In all the arguing over gay marriage there is one thing we sometimes overlook: A lot of these couples are parents, and their kids are paying attention. And it matters to them that their parents' marriage is recognized -- in all legal respects! Last week 10-year-old Sophia Bailey Klugh wrote President Obama a letter. She told the president she was glad he supports gay marriage because she has two dads. And she asked Obama this question:
I am so glad that you agree two men can love each other because I have two dads and they love each other, but at school kids think that it's gross and weird, but it really hurts my heart and feelings.... If you were me and you had two dads that loved each other and kids at school teased you about it, what would you do?
Obama wrote back, of course. His letter is gracious and supportive. And his advice? Pretty much what you'd want any thoughtful adult to tell Jamie, regardless of how they feel about gay marriage.
Thank you for writing me such a thoughtful letter about your family. Reading it made me proud to be your president and even more hopeful about the future of our nation.
In America, no two families look the same. We celebrate this diversity. And we recognize that whether you have two dads or one mom what matters above all is the love we show one another. You are very fortunate to have two parents who care deeply for you. They are lucky to have such an exceptional daughter in you.
Our differences unite us. You and I are blessed to live in a country where we are born equal no matter what we look like on the outside, where we grow up, or who our parents are. A good rule is to treat others the way you hope they will treat you. Remind your friends at school about this rule if they say something that hurts your feelings.
Thanks again for taking the time to write me. I'm honored to have your support and inspired by your compassion. I'm sorry I couldn't make it to dinner, but I'll be sure to tell Sasha and Malia you say hello.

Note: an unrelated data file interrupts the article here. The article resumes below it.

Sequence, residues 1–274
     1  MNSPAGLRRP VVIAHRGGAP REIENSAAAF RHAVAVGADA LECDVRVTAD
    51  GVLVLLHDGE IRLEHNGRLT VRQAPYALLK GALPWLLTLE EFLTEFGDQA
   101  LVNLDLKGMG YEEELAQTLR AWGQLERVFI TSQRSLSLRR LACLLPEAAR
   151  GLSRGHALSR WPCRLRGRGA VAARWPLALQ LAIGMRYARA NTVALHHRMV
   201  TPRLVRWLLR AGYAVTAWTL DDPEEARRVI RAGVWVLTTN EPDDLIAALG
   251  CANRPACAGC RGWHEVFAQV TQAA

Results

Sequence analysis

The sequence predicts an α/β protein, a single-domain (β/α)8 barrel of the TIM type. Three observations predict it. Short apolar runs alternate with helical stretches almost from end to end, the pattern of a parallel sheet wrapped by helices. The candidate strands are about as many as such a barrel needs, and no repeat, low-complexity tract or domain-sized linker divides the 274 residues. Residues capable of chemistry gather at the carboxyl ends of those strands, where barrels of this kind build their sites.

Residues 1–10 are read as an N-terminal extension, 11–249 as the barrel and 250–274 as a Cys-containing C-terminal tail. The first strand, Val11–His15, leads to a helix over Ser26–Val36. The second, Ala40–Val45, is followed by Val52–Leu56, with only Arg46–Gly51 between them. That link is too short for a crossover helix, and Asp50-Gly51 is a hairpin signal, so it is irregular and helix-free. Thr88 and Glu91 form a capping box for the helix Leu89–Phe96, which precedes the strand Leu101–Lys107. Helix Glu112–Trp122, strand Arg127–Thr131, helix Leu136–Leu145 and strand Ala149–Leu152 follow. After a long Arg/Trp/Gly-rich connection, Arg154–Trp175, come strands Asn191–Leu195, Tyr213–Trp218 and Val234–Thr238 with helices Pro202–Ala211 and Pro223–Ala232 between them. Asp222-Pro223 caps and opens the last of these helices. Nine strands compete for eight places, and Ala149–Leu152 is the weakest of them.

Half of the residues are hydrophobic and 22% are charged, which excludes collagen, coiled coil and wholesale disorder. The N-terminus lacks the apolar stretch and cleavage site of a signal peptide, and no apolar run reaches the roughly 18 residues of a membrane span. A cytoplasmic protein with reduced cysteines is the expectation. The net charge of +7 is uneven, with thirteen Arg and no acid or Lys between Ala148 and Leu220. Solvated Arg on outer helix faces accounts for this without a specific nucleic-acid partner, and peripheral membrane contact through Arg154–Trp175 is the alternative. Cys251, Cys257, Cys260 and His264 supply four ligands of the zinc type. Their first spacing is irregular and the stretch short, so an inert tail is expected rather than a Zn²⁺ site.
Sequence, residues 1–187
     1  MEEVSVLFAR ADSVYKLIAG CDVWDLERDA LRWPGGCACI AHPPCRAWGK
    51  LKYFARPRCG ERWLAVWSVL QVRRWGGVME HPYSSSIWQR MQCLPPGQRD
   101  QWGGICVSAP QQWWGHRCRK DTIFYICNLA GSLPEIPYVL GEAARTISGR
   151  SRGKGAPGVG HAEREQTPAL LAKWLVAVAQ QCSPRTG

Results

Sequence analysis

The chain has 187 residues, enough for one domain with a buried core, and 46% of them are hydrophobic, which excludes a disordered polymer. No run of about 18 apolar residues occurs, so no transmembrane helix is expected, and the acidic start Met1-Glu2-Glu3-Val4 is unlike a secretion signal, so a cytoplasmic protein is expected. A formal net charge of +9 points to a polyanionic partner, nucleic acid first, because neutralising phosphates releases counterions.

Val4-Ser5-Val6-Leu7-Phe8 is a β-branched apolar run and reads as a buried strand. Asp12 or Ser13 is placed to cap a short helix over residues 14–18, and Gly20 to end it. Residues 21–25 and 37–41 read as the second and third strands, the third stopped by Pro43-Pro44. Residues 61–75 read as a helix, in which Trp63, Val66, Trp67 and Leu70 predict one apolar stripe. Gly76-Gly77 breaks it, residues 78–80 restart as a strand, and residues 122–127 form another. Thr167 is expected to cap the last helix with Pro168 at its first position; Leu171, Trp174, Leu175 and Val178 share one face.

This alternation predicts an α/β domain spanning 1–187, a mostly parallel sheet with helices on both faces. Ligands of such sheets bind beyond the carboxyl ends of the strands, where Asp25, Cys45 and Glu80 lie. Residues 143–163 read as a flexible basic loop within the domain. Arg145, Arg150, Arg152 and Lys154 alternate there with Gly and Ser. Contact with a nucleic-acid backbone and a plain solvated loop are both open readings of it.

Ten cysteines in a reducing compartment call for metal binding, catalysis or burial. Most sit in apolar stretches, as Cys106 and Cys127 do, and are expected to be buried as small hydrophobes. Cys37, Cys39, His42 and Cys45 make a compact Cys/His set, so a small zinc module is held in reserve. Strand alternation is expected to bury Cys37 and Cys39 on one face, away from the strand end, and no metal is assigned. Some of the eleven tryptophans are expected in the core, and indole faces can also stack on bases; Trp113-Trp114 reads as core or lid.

Sincerely, Barack Obama
First of all, I love the way he tells her he's proud to be her president, and honored to get her letter. That's just something any kid who bothers to write the president would love to hear. And of course, it's not lost to Obama that this is an opportunity for him to send a message to all kids, especially kids whose parents are in same-sex unions.
Our culture is slowly but surely experiencing a change of heart about what families can look like. We're opening our minds to other possibilities. And because you only live once (and I mean that in a non-YOLO kind of way), adults are taking a big chance and starting their own kinds of families. That means kids are going out there in the world and sometimes facing hostility to from people who are afraid of this change.
This isn't just about not stigmatizing the kids of gay couples. I think we need to go farther than that -- for Sophia's sake and for countless other kids' sake. We need to embrace and fully enfranchise these kids' parents.
But we can't change hearts through hate and conflict -- and that's an important lesson for kids. Treating her bullies the way she'd like to be treated, and telling them that their words hurt her, is definitely the harder path for Sophia. But it's also the higher path. And who knows, maybe her example of kindness and forgiveness will change some of those kids' minds. Sometimes confronting a bully and telling them exactly how their words and actions affect you can make a surprisingly big difference.
What did you think of Obama's response to Sophia's letter?
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